NumberTwo: Olmert himself. As Stern puts it: "Thus, contrary to the Times' assertion that Olmert has revealed exclusive new information to Avishai, it is abundantly clear that the former Israeli prime minister, widely despised at home and desperate to remain relevant, started blabbing about his negotiations with Abbas over a year and a half ago to anybody who would listen."
Third: The Times, and other publications that adopted the 'Israel is the only thing standing in the way of peace.' And of course, Avishai himself who's frustration with Israel has led him to wish for an Obama imposed solution. I have written about him in the past. A big believer in economic and technological solutions he is not a delegitimzer, but is often blinded by, in my opinion, preposterous Palestinian propaganda.

Sunday, February 13, 2011

Does The Rebirth of the Arab world = Death to Two-State Solution?

I have been refraining from posting my opinions about Egypt as well as the Palestine Papers leaks because, frankly, if I thought things were complicated before, now I feel they are beyond my ability to comprehend. I thought a few times of just posting links to articles I felt were useful. But those opinion pieces became very quickly obsolete.

One thread running through so much commentary has been particularly galling: that peace with Israel was the basis upon which Mubarak was able to rule with an iron fist for 30 years. And as our dear friend George Soros put it: Israel will be the main strumbling block in the US's ability to get Egypt right. When I pointed out that Syria's dictatorship -- without benefit of a peace treaty with Israel -- has been even more brutal than Egypt's, or that Iran, Israel's most vocal enemy, runs a regime seemingly without any accountability...well these points don't seem to gain traction in some circles.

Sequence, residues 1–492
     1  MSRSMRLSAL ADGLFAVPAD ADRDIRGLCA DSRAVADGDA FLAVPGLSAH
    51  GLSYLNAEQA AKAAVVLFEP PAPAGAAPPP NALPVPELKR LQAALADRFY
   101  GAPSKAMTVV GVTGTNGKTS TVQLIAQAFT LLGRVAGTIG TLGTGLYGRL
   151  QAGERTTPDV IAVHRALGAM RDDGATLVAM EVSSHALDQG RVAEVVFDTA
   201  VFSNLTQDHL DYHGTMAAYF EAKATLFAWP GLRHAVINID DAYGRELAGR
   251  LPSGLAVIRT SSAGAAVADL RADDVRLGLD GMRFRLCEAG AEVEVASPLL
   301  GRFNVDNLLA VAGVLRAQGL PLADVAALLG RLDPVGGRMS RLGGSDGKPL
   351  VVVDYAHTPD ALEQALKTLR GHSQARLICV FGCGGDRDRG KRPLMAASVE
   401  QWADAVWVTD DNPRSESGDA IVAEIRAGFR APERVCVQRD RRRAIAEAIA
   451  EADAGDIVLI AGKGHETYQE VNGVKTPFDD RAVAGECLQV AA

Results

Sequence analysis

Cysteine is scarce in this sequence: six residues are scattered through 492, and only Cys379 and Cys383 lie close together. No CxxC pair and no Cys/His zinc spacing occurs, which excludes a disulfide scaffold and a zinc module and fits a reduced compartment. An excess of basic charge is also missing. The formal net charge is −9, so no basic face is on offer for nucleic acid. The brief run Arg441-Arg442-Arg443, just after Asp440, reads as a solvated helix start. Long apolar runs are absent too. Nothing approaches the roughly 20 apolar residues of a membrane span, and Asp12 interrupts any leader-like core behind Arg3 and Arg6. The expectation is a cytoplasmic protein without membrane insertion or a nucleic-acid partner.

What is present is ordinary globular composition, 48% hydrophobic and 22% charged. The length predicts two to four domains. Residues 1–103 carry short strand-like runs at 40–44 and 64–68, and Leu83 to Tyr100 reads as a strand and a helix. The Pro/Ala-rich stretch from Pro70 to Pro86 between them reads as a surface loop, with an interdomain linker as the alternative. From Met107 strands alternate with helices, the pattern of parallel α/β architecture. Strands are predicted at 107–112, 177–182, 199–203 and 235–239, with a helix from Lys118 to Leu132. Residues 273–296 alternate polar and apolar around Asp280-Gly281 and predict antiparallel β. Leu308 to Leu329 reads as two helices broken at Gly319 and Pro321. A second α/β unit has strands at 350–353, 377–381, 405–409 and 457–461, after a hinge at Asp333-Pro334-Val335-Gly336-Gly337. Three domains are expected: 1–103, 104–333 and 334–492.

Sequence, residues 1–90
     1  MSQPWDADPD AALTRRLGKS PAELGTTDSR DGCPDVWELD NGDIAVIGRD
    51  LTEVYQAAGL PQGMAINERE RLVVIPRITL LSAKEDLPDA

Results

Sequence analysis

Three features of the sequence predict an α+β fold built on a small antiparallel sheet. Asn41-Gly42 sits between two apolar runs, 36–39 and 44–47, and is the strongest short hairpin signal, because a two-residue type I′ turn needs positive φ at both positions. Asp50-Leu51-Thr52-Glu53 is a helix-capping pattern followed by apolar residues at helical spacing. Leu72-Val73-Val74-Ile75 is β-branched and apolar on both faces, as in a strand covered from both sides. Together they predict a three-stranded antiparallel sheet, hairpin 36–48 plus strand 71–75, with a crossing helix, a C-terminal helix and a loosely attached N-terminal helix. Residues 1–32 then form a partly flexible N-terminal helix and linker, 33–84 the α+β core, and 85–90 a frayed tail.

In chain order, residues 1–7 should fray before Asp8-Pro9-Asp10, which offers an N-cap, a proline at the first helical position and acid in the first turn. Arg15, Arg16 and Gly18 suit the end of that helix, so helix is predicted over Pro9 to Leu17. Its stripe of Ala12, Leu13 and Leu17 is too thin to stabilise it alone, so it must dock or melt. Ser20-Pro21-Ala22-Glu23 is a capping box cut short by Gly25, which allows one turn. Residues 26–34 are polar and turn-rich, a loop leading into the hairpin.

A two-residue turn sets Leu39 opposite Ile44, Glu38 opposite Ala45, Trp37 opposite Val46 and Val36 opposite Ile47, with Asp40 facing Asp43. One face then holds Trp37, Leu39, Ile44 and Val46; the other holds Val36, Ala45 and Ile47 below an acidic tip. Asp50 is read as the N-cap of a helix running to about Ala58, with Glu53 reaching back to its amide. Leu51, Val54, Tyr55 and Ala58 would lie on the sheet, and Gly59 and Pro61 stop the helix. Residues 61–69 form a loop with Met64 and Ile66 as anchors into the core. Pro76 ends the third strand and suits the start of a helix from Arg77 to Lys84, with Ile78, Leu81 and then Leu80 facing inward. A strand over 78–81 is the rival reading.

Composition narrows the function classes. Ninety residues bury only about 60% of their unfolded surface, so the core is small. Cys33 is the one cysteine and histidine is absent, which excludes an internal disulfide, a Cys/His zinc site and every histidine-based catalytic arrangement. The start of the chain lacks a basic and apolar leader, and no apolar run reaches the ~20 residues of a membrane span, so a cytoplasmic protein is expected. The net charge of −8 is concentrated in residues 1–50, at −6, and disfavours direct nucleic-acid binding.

So, let's talk about the future. In today's Washington Post, Hussein Agha and Robert Malley reprise much of what they have already written about the death of the Arab world as we know it. Although they have previously branded the Israel/Palestinian peace process bankrupt, the following passage articulates that view in an extremely troubling manner:

"Some policymakers in Western capitals have convinced themselves that seizing the moment to promote the Israeli-Palestinian peace process will placate public opinion. This is to engage in both denial and wishful thinking. It ignores that Arabs have become estranged from current peace efforts; they believe that such endeavors reflect a foreign rather than a national agenda. And it presumes that a peace agreement acceptable to the West and to Arab leaders will be acceptable to the Arab public, when in truth, it is more likely to be seen as an unjust imposition and denounced as the liquidation of a cherished cause. A peace effort intended to salvage order will accelerate its demise."